Section 15 – NAWL/West Coast LEAF 20th Anniversary Conference
Conférence ANFD/FAEJ Côte-Ouest sur le 20ième anniversaire de l’article 15
NAWL and West Coast LEAF jointly hosted a conference in celebration of the 20th anniversary of the equality provision (section 15) of the Canadian Charter. Women from across Canada and around the world came together in Vancouver from April 28 to May 1, 2005 to reflect on the successes and challenges that section 15 of […]
L’ANFD et le FAEJ Côte-Ouest ont organisé une conférence pour célébrer le 20e anniversaire de l’article 15 (droits à l’égalité) de la Charte canadienne. Du 28 avril au 1er mai 2005, cet événement a attiré à Vancouver des femmes de toutes les régions du Canada et […]
NAWL and West Coast LEAF jointly hosted a conference in celebration of the 20th anniversary of the equality provision (section 15) of the Canadian Charter. Women from across Canada and around the world came together in Vancouver from April 28 to May 1, 2005 to reflect on the successes and challenges that section 15 of the Charter has represented for women and women’s equality-seeking organizations, and to strategize around how we might continue to advance women’s equality interests.
The almost 400 women who attended the conference all came with enthusiasm and commitment to the workshops and plenaries. It was a pleasure to meet women who had advocated for the inclusion of section 15 in the Charter, and to gather with old friends.
The presentations in both the workshops and the plenary sessions covered an extraordinary range of topics. Over the four days, there were 55 workshops which covered issues from the effects of colonialism on Aboriginal women to same-sex marriage.
Three plenary sessions brought all of the delegates together. The first plenary session focused on the history of equality rights. Sharon McIvor opened the plenary with remarks on “Aboriginal Women Unmasked: The History of Aboriginal Women and Section 15 of the Charter.” Mary Eberts’ talk was titled, “Forged in Hope”, and Andrée Côté completed the first plenary with her assessment of “The Evolution of Equality Rights: Taking Stock of Law Reform”.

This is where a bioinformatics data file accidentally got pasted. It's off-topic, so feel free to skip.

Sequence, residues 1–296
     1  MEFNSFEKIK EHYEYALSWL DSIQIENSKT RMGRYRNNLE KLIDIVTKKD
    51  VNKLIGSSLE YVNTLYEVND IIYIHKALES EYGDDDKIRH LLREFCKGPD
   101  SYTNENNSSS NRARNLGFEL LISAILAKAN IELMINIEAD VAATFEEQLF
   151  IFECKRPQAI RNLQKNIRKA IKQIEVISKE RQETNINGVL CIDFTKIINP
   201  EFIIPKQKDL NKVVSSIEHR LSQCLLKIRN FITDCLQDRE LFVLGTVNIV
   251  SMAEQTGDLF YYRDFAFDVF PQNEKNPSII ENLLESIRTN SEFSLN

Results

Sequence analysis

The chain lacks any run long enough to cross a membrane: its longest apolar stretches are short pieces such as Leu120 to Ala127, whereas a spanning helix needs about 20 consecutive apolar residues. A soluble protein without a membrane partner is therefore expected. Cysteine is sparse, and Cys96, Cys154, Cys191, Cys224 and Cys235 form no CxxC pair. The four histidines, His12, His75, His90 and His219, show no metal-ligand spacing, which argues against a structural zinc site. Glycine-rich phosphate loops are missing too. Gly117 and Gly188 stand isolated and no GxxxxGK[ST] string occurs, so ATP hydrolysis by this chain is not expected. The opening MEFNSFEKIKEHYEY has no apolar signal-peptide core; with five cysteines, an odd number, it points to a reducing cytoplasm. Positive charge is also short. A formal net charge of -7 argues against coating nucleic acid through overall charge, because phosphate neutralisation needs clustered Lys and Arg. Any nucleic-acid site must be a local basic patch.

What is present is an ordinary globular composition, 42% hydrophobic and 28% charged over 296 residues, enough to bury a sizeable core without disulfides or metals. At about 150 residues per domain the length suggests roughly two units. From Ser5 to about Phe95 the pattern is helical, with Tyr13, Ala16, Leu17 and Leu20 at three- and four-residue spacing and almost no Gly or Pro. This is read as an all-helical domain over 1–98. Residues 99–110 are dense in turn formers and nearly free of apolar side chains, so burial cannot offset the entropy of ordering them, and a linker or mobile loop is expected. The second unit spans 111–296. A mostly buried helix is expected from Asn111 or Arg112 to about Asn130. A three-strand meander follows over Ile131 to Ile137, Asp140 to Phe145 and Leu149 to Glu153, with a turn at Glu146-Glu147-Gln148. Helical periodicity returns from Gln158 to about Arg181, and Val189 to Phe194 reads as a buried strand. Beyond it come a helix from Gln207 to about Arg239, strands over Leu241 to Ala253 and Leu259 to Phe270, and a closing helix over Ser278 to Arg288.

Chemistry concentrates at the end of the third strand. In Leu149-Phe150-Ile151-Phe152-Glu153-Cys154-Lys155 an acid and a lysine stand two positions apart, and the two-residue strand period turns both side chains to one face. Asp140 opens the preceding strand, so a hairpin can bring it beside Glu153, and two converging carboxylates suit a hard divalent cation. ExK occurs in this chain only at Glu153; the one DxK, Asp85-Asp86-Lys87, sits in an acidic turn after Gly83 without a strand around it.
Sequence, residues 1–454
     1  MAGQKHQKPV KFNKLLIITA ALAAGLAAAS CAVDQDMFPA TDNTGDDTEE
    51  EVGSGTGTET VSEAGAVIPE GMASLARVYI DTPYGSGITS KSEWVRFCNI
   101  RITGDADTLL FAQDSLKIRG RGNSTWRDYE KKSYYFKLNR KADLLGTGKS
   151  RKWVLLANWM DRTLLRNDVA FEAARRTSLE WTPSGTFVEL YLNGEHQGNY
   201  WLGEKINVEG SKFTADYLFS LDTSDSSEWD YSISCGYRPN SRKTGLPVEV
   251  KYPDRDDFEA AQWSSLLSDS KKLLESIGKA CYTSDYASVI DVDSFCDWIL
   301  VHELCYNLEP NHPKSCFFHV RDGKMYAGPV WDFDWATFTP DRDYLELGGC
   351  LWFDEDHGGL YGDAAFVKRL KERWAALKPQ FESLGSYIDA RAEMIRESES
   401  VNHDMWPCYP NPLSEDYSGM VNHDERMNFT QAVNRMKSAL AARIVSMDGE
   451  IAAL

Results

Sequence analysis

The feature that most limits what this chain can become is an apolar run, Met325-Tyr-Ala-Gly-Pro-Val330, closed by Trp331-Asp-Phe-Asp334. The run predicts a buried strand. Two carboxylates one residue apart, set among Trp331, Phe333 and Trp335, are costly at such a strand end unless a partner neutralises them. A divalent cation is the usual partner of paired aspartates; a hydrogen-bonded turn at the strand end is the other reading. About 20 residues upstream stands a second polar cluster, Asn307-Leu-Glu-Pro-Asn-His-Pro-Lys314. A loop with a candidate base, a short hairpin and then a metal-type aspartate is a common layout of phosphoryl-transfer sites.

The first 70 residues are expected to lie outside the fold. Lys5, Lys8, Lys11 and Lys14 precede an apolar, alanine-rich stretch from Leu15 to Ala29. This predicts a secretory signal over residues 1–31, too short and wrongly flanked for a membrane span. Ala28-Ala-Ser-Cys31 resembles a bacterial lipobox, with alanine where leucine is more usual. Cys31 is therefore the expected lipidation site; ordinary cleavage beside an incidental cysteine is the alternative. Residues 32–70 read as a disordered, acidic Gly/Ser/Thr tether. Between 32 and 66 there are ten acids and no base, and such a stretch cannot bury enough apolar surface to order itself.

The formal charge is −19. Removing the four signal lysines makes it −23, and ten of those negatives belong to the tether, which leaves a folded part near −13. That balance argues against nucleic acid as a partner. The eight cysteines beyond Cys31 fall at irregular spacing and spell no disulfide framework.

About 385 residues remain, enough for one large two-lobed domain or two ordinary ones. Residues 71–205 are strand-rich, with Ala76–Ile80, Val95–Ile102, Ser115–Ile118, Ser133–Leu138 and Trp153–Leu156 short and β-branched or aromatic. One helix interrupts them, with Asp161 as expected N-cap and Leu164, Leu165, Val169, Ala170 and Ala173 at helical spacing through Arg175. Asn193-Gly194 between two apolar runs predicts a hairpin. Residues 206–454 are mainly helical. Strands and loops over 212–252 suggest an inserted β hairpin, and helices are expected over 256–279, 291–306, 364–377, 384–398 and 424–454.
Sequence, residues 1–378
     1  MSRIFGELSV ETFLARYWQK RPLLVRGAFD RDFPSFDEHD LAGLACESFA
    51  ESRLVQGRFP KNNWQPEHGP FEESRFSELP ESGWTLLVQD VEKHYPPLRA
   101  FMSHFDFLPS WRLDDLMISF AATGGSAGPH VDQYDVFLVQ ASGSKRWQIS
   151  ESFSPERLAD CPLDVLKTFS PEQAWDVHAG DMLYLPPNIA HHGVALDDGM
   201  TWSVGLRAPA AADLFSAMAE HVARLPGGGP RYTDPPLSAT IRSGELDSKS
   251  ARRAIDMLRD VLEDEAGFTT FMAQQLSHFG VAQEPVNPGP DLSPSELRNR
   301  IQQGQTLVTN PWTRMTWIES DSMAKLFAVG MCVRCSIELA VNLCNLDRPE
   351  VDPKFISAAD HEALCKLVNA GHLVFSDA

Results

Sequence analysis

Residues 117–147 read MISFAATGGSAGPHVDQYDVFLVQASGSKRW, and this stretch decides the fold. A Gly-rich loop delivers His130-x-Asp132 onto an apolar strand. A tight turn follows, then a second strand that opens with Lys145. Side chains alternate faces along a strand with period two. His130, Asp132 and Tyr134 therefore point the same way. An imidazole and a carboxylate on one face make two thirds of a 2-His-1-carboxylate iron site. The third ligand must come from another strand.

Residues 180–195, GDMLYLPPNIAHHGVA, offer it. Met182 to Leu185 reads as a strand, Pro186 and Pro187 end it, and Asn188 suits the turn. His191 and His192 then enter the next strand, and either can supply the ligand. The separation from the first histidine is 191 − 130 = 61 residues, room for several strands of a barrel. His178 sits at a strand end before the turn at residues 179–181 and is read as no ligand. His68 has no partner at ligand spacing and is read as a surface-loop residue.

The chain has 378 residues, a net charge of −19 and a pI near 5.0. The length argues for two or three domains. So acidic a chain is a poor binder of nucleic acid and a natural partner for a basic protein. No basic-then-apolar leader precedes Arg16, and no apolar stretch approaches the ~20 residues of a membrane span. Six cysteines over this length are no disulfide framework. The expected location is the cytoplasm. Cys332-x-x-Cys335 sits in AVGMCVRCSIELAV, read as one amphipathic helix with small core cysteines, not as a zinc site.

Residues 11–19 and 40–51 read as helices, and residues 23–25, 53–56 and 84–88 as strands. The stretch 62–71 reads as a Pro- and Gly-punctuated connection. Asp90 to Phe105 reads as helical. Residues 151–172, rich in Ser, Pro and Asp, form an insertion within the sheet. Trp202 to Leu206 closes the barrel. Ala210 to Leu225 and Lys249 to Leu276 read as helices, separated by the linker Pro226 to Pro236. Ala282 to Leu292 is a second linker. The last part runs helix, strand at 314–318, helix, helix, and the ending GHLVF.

The second plenary session focused on the continuing equality deficit. Natasha Bakht addressed women, religious arbitration and culture. Suzanne Laforest discussed the daily life of deaf women, Sacha Fink drew our attention to the need for an independent women’s movement, and Carolyn Ji Jong Goossen rounded up the second plenary by raising equality issues relevant to new immigrant youth.
The third plenary session was the historic first sitting of the “Women’s Court of Canada”. The judges on that (self-appointed) high court have rewritten some of Canada’s most significant equality judgments, and delivered some of those rewritten judgments from the bench.
The Women’s Court of Canada was just one of the theatrical highlights, however. Six women presented “rants”, performance pieces with a critical focus. A highlight of those rants was Agnes Huang, who showed up fully attired as the Charter. Over lunch on the second day, Ros Salvador, Proma Tagore, and Robin Taylor provided a moving and thoughtful poetry performance. Judge Corrine Sparks’ presentation on the social and legal constructs of modern feminism and section 15 of the Charter of Rights and Freedoms concluded a very successful conference.
Kim Brooks is Assistant Professor of Law at UBC and out-going Coordinator of NAWL’s National Steering Committee.